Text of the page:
“I care about gold”, asserts Matthew McConaughey’s gold prospector in Stephen Gaghan’s first film since 2005’s Syriana. We, however, do not, as Gold singularly fails to spark much interest. What it does is make you wonder whether the McConaissance could be coming to an end, especially when the end result is this dull.
Loosely inspired by the 1993 Bre-X mining scandal, in which a supposed gold find in Indonesia sent the stock-market into disarray, this bog-standard rise-and-fall story is yet another version of an American Dream film you’ve seen countless times before. The creative team behind it were clearly aiming for The Treasure of the Sierra Madre-meets-The Big Short, but ended up with a film which apes The Wolf Of Wall Street a bit too much for comfort. In fact, Gold’s chief redeeming factor is its leading man’s laudable commitment to his role: McConaughey’s right-side-of-hammy turn sees him snaggletoothed, pot-bellied and with an impressive receding hairline, and his manic energy just about carries the overlong proceedings. So no, the McConaissance isn’t quite over, but the ubiquitous actor needs to think long and hard before signing on the dotted line of his next project: Gold barely scrapes by on some pleasant South-East Asian landscapes and the lead performance, and while not irredeemably awful, Gaghan’s return never glitters.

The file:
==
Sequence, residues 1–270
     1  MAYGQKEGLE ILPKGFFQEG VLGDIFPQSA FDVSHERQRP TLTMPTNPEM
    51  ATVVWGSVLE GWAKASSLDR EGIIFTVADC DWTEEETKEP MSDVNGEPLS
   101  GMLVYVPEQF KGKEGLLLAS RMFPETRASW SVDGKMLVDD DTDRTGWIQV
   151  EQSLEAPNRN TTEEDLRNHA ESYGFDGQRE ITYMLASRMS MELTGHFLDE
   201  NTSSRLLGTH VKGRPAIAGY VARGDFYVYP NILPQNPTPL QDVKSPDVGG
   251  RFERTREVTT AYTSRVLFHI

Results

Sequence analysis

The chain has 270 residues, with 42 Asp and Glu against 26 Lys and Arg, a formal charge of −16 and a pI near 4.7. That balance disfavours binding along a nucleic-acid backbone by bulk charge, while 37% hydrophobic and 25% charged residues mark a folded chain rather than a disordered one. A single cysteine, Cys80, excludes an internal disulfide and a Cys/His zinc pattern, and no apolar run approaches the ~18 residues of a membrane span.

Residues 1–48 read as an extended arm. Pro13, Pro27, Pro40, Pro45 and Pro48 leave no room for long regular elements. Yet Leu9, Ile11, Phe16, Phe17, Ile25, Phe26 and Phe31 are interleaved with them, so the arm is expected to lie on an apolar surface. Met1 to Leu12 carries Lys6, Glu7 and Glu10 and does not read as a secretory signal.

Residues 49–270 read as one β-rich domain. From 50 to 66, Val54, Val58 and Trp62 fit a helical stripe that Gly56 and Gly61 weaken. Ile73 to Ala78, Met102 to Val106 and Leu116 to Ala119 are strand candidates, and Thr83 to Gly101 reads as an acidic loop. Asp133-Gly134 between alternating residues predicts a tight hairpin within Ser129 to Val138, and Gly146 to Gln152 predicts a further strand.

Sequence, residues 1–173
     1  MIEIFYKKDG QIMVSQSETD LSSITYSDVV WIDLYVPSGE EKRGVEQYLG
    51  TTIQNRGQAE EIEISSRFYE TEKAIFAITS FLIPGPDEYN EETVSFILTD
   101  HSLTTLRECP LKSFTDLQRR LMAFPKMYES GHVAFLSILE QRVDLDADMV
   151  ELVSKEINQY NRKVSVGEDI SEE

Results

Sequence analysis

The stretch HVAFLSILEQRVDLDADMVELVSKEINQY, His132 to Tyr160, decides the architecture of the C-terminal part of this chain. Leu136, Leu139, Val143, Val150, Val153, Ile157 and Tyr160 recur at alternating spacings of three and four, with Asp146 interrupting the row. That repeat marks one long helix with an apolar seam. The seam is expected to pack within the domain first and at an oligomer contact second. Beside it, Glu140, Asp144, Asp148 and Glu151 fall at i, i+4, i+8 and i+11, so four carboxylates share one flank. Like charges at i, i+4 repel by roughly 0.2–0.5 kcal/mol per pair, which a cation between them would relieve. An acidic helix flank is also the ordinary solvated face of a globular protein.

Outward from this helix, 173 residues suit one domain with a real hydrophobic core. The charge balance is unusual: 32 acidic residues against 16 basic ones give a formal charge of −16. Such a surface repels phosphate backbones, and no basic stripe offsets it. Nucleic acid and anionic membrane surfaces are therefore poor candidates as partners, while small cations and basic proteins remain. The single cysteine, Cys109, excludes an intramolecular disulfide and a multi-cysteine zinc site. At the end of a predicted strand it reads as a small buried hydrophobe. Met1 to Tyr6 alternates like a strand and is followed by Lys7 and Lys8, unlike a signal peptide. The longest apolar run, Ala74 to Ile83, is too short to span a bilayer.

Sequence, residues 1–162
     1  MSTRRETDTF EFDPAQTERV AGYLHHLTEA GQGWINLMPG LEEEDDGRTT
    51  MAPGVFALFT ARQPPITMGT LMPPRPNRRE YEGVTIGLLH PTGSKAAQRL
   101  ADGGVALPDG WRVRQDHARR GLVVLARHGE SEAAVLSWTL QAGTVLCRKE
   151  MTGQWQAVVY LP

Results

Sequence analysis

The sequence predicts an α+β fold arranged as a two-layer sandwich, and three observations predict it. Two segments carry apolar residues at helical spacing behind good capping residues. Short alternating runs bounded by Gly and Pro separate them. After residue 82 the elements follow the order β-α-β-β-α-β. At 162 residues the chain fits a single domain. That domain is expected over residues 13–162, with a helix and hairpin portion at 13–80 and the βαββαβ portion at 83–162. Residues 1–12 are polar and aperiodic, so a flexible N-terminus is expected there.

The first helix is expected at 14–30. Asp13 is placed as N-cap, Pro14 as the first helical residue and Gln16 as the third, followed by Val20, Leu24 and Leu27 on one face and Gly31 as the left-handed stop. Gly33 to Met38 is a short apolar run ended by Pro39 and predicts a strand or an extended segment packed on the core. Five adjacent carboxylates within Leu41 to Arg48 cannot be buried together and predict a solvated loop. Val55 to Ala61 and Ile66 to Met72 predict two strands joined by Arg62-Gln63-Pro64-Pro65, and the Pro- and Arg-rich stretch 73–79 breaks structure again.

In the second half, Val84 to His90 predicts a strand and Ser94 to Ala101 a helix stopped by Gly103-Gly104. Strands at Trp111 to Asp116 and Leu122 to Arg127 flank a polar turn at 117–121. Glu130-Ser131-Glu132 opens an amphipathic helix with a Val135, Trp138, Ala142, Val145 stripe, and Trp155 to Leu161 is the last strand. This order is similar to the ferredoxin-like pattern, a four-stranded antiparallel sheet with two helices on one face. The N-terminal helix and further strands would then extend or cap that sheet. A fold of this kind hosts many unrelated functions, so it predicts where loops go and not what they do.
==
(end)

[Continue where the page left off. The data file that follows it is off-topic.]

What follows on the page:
Gold | Directed by Stephen Gaghan (USA 2016), with Matthew McConaughey, Edgar Ramírez, and Bryce Dallas Howard. Starts April 13
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